Wednesday, March 18, 2020

Caricatures Then and Now

Once upon a time (or a Russian) caricature artists, trained classically, offered fluid pen and ink lines. Here's an example: Julie (and company) immortalized before the opening of "Once There was a Russian," co-starring Walter Matthau and Albert Salmi.

The old-fashioned "flattering" heterosexual brand of caricature is now so old-fashioned it doesn't even exist.

The idea is to mix things up, bend the gender, and go for outrage. And then, as RuPaul would phrase it, "sashay away," leaving nothing but admiring gasps.

One of Julie's idols in the world of caricature is "RISKO," who resists the old drawing styles and scares up something unique instead. BOO!

You didn't know Julie had pale blue icy eyes? A squidgy nose that resembles Sam "Gunga Din" Jaffe? That her mouth looks like she was eating a pint of strawberries too fast? Well, that's the NEW look, a "new wave" in caricature, and still has the viewer knowing it's Julie Newmar.

Doesn't it? How about a different view? Below: the same artist, but a different take.

A conventional view of women is that they have breasts. That's a bit 20th Century isn't it?

The fact is, if a woman can be a super hero, maybe she can have the same chest development as a male? That would be squared pectorals, and a flat behind. Strange? Maybe even scary? Well, that's the way modern, edgy caricature works. BOO!

Both of the above are capturing Julie in "super hero" mode, because fans love it. Most any Facebook post Julie makes, no matter the topic, will have a chunk of "You were the BEST CATWOMAN" comments. Their cuteness needs to be rewarded with Catwoman cat-ricatures.

However, there's another side to the actress. The garden side. But again, there's no reason to be traditional about it, and shoot for any kind of glamour approach, as the Daily News artist did in promoting "Once There Was a Russian."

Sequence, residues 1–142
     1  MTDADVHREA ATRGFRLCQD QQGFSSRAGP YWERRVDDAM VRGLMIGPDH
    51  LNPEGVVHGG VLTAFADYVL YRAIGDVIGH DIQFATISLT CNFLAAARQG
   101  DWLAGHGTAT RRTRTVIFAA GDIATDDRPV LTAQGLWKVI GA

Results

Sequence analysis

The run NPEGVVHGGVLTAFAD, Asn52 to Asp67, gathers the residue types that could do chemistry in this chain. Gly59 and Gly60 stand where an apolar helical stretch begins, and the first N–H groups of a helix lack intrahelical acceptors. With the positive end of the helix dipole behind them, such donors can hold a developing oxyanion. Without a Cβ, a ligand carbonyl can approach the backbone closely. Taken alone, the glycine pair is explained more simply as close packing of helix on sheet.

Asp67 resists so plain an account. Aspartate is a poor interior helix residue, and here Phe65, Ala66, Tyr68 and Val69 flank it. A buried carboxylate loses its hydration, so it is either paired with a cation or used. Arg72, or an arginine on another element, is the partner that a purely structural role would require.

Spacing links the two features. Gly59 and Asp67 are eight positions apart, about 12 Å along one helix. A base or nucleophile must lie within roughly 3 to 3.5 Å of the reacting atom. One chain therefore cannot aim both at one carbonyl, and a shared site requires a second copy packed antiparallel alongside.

With full use of color, and spurning traditional notions of heterosexual beauty, here's Julie in a shapeless dress. This caricature has her in traditional old lady gray hair, raisin-drooped eyes, lips in a doleful camel-like pout, and a moose-jaw chin. Yet people would instantly say "That's Julie Newmar, isn't it?"

Three works about, all from one caricaturist.

Anyone buying the old fluid style of caricature? The Margo Feiden Gallery (which sold the NY Times theater caricatures) is probably gone by now. Who pay thousands for a framed lithograph? There never was a gallery for the Daily News caricatures, like the item you see up top.

Of course with magazines and newspapers disappearing, and cartoon art seeming to only sell to "The New Yorker," the Internet has become a place for anyone and everyone to offer challenging caricatures. The Internet is open to unconventional views of what beautiful women look like, or what the human body should or shouldn't resemble.

Some aren't so sure about all of this. There are some that don't like graffiti. Some question why RuPaul and his fellows appear in "woman face" when there's no longer "yellow face" or "blackface" anymore. Still, art is very much in the eye of the beholder. In fact, now that there's Photoshop, people can download and alter the art to suit their own perspective. Yes, that's another challenge, but the art world is always enthusiastic about being stood on its ear. Just ask Van Gogh.


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